For years, City Council members Dan Halloran (R-Whitestone) and Elizabeth Crowley (D-Middle Village) have been telling anyone who will listen that Con Edison needs to place more of its overhead electric wires underground to protect them from severe weather ranging from hurricanes, blizzards and, three years ago, a tornado.
Now they and Councilman Leroy Comrie (D-St. Albans) are pushing a bill for a comprehensive, citywide study of where power lines can be placed underground.
And the utility has suggested burying “select” power lines belowground in a proposal it made on Jan. 25, outlining $1 billion in upgrades the utility says are necessary to increase reliability during potentially destructive weather conditions.
“In 2010, we had a microburst and a tornado that took out 840 trees in Queens; 10,000 homes in my district were without power for 10 days,” Halloran said. “Con Edison restrung those lines at the cost of millions of dollars and then that winter we had a snowstorm where 8,000 homes lost power for four days.”
He said Hurricane Irene in 2011 knocked out thousands of homes in his district alone for four days, with the utility again spending millions to restring wires throughout the outer boroughs.
“Then last year, we had Hurricane Sandy, which saw 15,000 in my district alone without power for up to 15 days,” he said. “In addition, car and truck traffic shut down because there was no way to fill them because gas stations had no power. They spend millions more.”
Most of Manhattan, Halloran said, had power restored within four days of Sandy.
“Why? Their power lines are belowground,” he said. “But Con Ed has said it is too expensive to put lines underground in Queens.”
Crowley could not be reached for comment for this story, but ever since assuming office she has repeatedly called for Con Ed to bury lines in Middle Village which have proven vulnerable to severe weather with high winds.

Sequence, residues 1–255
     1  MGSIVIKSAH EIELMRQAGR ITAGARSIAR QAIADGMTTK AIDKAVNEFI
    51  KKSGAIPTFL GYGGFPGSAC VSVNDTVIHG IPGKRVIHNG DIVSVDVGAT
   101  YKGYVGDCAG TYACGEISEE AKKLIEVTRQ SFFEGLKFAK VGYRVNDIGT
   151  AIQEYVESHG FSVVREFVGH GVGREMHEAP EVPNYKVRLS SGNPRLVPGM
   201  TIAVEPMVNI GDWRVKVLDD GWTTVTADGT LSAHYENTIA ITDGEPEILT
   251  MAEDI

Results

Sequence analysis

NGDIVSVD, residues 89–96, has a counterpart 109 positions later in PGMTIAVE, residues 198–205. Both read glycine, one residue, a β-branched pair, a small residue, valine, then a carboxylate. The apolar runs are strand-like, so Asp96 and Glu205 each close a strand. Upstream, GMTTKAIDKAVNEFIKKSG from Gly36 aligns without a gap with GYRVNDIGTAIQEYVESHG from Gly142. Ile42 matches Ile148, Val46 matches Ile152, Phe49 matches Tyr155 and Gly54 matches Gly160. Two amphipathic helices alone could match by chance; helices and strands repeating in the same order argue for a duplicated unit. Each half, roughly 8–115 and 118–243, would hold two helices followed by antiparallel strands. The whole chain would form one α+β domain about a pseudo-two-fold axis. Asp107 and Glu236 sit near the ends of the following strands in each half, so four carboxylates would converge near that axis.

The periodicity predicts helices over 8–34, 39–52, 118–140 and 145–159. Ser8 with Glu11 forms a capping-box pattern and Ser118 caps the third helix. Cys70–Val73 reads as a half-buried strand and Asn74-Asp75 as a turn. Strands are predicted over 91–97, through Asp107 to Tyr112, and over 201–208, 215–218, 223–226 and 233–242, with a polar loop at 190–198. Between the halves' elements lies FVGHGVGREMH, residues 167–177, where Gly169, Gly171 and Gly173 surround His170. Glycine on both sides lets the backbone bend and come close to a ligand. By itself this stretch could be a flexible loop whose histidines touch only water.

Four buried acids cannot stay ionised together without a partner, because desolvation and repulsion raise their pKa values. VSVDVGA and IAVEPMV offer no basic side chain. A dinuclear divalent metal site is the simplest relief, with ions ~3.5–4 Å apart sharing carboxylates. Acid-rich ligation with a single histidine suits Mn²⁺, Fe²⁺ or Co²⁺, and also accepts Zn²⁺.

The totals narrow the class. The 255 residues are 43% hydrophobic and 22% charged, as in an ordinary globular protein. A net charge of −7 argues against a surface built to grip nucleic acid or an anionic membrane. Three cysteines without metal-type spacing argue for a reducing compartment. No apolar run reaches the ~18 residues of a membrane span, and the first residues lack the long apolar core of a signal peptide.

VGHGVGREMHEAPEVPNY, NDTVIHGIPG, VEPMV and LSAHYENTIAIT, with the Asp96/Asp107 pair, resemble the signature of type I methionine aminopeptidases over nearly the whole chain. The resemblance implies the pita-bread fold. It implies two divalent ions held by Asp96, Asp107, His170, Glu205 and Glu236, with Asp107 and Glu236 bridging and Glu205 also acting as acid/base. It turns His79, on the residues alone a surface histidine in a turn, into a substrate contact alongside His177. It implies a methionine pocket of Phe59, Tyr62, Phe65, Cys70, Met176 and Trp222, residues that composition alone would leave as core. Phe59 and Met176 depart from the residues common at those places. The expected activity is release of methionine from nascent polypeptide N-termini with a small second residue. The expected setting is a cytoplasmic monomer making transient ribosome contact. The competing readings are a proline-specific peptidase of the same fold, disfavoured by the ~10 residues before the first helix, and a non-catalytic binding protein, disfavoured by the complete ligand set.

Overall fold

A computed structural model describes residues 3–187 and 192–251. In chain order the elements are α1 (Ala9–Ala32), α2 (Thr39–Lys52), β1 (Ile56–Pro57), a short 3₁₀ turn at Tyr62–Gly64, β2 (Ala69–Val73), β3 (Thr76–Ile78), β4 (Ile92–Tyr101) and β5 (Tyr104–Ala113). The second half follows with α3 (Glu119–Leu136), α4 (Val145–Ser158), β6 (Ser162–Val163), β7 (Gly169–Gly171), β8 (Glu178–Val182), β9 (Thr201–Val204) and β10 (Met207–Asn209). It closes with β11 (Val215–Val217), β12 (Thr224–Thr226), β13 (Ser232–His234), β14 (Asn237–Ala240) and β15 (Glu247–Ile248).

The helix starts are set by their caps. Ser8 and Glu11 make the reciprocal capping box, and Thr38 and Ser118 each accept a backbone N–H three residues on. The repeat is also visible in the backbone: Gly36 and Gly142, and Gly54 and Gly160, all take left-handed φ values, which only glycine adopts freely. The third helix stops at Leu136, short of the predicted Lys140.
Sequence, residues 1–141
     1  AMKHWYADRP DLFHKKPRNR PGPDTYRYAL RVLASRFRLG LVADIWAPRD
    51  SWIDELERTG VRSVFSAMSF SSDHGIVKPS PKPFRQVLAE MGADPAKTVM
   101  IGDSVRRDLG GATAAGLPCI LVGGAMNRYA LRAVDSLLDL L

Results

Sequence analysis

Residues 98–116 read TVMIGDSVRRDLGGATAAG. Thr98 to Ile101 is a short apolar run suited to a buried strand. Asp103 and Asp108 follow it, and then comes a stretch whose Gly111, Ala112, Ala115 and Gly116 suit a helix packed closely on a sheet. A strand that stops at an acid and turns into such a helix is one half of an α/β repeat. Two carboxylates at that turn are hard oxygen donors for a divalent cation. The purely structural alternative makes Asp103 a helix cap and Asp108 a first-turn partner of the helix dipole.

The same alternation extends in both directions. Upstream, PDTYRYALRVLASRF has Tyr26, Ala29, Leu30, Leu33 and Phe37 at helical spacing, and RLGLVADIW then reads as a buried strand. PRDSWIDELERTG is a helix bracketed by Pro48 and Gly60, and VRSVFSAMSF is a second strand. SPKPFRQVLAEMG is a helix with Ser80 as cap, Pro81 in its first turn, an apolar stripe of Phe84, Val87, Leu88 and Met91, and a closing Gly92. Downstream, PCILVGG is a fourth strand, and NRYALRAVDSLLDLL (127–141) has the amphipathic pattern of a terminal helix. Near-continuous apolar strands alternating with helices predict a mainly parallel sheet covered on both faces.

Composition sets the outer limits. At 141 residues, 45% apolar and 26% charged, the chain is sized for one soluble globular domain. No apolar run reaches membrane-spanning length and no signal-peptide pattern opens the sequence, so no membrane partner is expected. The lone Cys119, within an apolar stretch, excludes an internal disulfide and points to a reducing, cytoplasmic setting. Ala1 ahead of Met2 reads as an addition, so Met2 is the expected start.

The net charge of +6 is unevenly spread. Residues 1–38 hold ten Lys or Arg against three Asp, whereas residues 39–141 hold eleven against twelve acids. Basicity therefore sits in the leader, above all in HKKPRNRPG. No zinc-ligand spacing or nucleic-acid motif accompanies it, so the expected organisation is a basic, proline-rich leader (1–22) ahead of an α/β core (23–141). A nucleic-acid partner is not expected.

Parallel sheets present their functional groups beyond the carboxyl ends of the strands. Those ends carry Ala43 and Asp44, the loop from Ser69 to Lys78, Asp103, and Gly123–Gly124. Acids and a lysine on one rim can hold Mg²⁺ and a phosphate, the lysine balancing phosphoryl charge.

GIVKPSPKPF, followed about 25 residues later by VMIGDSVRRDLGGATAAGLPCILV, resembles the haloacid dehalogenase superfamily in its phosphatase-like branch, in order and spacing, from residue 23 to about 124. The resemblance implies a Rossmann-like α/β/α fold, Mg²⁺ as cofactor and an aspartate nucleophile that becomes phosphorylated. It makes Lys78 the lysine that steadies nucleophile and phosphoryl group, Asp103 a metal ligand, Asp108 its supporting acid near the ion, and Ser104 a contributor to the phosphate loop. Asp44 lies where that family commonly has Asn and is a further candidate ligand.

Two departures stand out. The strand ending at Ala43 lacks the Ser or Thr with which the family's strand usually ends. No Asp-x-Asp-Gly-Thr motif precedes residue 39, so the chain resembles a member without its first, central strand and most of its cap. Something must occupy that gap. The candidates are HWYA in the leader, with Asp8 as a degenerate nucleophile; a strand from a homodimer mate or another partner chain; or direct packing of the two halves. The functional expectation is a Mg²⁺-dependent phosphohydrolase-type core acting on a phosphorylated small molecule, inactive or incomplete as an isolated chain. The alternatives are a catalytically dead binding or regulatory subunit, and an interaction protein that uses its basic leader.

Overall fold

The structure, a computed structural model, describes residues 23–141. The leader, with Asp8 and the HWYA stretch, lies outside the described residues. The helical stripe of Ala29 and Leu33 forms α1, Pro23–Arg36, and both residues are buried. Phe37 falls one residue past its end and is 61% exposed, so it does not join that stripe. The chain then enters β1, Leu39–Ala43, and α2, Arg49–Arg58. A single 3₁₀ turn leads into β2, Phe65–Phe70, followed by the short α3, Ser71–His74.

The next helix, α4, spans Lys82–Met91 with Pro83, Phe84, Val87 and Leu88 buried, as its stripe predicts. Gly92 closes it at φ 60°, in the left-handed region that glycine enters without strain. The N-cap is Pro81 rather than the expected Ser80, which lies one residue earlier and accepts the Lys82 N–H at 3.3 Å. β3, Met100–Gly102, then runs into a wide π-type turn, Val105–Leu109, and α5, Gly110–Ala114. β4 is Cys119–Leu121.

Con Edison’s proposal, which it calls Fortifying the Future, includes — but is not limited to — making much of its equipment submersible to withstand flooding; adding new walls and flood barriers to electric and steam production facilities; fortifying 13 substations in low-lying areas of the city against flood damage; and making all future underground equipment floodproof.
But the utility also is asking the Public Service Commission for up to $400 million in rate hikes to offset the cost.
The New York Post quoted a letter from Council Speaker Christine Quinn to Con Edison CEO Kevin Burke and President Craig Ivey that said rate hikes at this time would be a burden on those still recovering from Hurricane Sandy.
Quinn’s office declined to respond to multiple requests for a copy of the letter. But Halloran, in a rare alliance with the speaker, believes the utility is capable of footing the bill for upgrades without harming consumers’ wallets. He believes the proposed upgrades are well within the utility’s financial ability to provide.
“The PSC gives a monopoly to Con Edison for power in this city,” the councilman said. “With that monopoly comes a responsibility for them to employ modern technology and to consistently deliver the energy that keeps our homes safe and our businesses running.”
Halloran said his, Crowley’s and Comrie’s bill would look at where lines could and could not be buried, and what it would cost.
It would also bring to the planning table telecommunications companies, city water and sewer officials and any other entity that buries cables or equipment beneath city streets and sidewalks to better coordinate — and reduce — projects that result in ripped up pavement.
This article has ben edited fro the original to correct an inaccurate interpretation of Con Edison's official response.